By Jennifer Gruen, MD
This is one of our most commonly asked questions at well-child checkups.
Vitamins and minerals are important elements of the total nutritional requirements of your child. Because the human body itself is unable to produce adequate amounts of many vitamins, they must be obtained from the diet. The body needs these vitamins in only tiny amounts, and in a balanced diet they are usually present in sufficient quantities in the foods your youngster eats.
Breast fed infants need vitamin D supplementation until they are able to eat foods containing at least 400 IU of vitamin D a day. Children in homes with well water may need a fluoride supplement to support dental health — ask your dentist or us for a prescription if your child does not consume fluoridated water elsewhere, such as school or daycare. Otherwise, in middle childhood, supplements are rarely needed.
For some youngsters, however, we may recommend a daily supplement. If your child has a poor appetite or erratic eating habits, or if she consumes a highly selective diet (such as a vegetarian diet containing no dairy products), a vitamin supplement should be considered.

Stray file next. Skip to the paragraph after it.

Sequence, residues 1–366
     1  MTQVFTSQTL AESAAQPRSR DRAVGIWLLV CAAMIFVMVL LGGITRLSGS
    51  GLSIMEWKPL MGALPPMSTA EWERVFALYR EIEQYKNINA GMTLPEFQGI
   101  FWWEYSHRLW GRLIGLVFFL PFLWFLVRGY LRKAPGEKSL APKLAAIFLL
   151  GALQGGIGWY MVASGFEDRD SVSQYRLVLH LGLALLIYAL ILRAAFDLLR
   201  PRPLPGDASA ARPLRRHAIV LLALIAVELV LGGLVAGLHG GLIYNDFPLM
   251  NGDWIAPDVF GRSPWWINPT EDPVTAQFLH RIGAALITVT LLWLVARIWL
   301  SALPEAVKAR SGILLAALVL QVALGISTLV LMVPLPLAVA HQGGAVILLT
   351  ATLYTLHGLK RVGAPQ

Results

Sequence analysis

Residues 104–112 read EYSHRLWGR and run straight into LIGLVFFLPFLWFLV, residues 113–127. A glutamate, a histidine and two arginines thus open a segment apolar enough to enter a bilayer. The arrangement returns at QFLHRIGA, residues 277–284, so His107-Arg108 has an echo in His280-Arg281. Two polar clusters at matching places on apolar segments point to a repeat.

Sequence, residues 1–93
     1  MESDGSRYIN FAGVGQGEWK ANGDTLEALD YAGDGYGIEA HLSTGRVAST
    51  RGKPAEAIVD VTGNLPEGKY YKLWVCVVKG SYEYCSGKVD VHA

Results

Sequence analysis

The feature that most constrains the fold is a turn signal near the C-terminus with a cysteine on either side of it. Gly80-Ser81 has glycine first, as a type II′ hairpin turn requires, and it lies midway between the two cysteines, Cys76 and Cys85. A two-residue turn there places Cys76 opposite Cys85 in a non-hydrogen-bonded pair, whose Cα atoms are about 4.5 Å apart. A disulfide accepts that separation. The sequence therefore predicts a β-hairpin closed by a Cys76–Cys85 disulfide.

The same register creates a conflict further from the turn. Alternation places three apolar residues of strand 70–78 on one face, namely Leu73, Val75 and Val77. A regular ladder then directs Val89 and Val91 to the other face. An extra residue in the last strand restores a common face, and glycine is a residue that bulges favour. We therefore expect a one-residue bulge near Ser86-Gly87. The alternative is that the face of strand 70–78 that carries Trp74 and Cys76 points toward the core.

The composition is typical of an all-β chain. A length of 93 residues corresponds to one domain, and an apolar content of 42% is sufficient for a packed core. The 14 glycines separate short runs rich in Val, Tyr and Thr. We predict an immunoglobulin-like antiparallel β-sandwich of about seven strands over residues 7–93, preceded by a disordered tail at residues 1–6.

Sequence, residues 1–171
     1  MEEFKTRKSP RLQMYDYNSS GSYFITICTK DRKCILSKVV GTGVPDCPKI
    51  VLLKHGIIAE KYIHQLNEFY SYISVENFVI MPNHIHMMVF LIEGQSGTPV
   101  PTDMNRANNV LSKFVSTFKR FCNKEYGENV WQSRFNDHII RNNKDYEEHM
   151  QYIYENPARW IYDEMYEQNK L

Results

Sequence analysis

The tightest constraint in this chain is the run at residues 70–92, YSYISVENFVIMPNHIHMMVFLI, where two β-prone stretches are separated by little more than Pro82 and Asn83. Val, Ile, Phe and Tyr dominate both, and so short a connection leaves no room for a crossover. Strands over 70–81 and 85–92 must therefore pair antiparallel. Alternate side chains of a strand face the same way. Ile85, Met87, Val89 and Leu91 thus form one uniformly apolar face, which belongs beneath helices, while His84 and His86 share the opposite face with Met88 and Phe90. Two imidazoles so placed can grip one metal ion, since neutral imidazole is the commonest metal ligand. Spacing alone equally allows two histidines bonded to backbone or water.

These over-the-counter supplements are generally safe; nonetheless, they are drugs. If taken in excessive amounts (in tablets, capsules, or combined with other supplements), some supplements — particularly the fat-soluble vitamins (A, D, E, and K) — can be toxic. Scientists are finding that in some special situations and diseases, vitamin supplementation can be an important contributor to health.
However, so-called megavitamin therapy or orthomolecular medicine — in which vitamins are given in extremely large doses for conditions ranging from autism to hyperactivity to dyslexia — has no proven scientific validity and may pose some risks. Vitamin C, for example, when consumed in megadoses in hopes of undermining a cold, can sometimes cause headaches, diarrhea, nausea, and cramps.
As much as possible, try to maximize the vitamins your child receives in her regular meals. Click here to read more about some of the vitamins and minerals necessary for normally growing children, vitamin rich foods and recommendations for specific supplements.
Dr. Gruen opened her practice, Village Pediatrics, in 2009, but prefers spending time creating fantastic kids birthday parties.